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  • Writer's pictureWilliam Tyler

Let there be Light - in Victorian Britain

The King James version of The Bible in Genesis 1 says, '.....and darkness was upon the face of the deep. And the Spirit of God moved upon the face of the waters. And God said, Let there be light: and there was light. And God saw the light, that it was good.'

In most of history, after sunset, we lived in almost total darkness; and darkness filled us with the fear of the unknown; hence why so many of our folktales in Western and Northern Europe are set in dark and frightening forests.

Thus for much of historical time we only had fire, in one form or another, to push the dark back. We began the human relationship with light at the campfire before moving indoors with wood or coal hearths. We lit rush lights and candles to glimmer faintly in the dark as we moved away from the fire, possibly to find somewhere to sleep.

It is amazing today to think that improvements in lighting only reached us, and then not all of us, in the 19th century. My own family home in Bristol, which my grandparents had been given as a wedding gift, and of which in the late 19th century they were the first occupiers, still had vestiges, when I was a child, of the gaslighting which they enjoyed as a young married couple.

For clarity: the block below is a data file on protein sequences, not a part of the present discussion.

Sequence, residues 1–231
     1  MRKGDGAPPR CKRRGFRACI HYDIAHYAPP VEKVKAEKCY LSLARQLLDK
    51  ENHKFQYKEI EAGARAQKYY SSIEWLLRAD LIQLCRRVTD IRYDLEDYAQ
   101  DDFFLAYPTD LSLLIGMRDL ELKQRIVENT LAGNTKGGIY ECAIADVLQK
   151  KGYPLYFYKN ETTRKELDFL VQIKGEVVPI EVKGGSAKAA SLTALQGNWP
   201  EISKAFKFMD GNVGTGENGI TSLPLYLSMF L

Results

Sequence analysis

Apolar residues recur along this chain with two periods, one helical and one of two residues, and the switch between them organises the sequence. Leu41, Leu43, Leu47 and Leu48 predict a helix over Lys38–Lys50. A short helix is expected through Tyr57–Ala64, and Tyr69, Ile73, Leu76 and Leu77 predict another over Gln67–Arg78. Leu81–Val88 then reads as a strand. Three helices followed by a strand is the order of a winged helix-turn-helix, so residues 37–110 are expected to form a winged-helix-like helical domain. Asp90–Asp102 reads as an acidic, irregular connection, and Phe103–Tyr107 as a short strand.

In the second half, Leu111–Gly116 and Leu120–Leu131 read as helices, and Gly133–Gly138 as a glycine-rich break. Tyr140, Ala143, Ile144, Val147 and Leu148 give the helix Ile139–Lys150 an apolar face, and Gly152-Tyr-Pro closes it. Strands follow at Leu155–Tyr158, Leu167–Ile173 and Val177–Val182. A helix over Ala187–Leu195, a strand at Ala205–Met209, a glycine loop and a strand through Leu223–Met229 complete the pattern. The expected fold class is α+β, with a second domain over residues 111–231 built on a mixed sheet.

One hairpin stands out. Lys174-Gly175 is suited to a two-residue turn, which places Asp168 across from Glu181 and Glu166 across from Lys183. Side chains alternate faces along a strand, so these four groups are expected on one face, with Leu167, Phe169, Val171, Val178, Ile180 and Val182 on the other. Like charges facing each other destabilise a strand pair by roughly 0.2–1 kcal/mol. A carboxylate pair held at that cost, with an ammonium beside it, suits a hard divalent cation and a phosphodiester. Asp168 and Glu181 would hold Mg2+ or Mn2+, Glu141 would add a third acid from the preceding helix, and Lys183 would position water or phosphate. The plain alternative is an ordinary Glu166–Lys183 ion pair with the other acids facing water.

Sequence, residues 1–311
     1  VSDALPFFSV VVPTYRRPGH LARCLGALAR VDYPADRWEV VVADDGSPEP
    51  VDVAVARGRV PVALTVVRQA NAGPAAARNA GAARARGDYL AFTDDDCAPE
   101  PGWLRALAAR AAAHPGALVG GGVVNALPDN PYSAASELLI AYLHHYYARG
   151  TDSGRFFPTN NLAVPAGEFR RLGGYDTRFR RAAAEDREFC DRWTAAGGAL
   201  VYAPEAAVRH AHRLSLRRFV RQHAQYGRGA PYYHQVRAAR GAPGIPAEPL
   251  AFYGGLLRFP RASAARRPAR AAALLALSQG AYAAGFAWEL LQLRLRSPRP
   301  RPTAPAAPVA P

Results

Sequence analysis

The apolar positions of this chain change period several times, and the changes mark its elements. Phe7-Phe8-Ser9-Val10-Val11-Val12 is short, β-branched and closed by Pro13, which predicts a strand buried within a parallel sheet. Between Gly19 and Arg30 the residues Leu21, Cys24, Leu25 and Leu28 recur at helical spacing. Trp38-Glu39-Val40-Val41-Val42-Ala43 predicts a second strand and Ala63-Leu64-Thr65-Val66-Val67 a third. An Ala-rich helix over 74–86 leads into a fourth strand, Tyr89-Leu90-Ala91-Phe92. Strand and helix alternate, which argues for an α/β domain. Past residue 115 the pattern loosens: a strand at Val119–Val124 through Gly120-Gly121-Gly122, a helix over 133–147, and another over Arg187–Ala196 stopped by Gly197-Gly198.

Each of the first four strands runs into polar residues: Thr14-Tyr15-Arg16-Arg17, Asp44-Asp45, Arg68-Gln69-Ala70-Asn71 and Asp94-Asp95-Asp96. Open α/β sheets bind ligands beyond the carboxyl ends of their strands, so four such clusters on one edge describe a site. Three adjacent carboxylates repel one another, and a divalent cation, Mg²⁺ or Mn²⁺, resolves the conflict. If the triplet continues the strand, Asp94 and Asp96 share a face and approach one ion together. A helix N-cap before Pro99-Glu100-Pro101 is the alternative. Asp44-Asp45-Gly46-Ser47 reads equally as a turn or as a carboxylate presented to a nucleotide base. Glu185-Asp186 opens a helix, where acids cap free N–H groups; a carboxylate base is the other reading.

For my own childhood, growing up in the early 1950s, I can well remember asking if the lights could be put on (by then, of course, electric), and being told somewhat roughly 'it isn't lighting up time yet.' How did my parents and grandparents know when lighting up time was on a particular winter's evening? They looked in the local Bristol evening paper. All local and national papers provided this service to their readers. Today there is still official lighting up times but they are no longer printed in newspapers and the younger generations will never have heard of the phrase.

Lighting up time was first introduced locally in the 19th century and was then enforced at national level under the Lights on Vehicles Act of 1907. It was the motorcar and indeed increased horse driven traffic that necessitated this change. It had nothing to do with indoor lighting of one's home as enforced in mine! The 1956 Road Traffic Act defined lighting up time as 30 minutes after sunset to 30 minutes before sunrise. The law said during this period all vehicles, including bicycles as well as motor vehicles and horse drawn carts, must show lights in unlit streets. Today the legislation, although still in force, is almost never invoked as street lighting in towns has improved dramatically in recent decades and we have all become used to switching our car lights on in the country- although it is interesting to note that one still sees cyclists riding in the dark with no lights.

Before my grandparents had gas lighting in their home and before I grew up with electric lighting, our forebears had candles, or, for the poor, rushlights. Rushlights were literally made from rushes covered in built-up layers of fat and placed in special holders. In order to get the maximum light from this poor source you lit the rush from both ends - hence the phrase 'burning the candle at both ends'.